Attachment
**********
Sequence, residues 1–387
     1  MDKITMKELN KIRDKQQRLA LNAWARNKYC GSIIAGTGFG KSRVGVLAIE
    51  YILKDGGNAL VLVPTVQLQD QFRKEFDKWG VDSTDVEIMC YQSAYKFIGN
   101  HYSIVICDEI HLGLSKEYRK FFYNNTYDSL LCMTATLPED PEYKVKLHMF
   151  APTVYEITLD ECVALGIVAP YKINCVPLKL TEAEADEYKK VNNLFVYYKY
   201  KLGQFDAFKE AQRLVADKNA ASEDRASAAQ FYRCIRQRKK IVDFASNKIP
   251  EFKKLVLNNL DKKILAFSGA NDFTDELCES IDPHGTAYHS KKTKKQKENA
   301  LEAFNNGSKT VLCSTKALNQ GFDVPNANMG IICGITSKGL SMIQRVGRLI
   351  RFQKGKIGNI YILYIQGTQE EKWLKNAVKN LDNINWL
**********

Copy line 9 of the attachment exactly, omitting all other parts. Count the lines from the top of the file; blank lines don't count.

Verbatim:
   351  RFQKGKIGNI YILYIQGTQE EKWLKNAVKN LDNINWL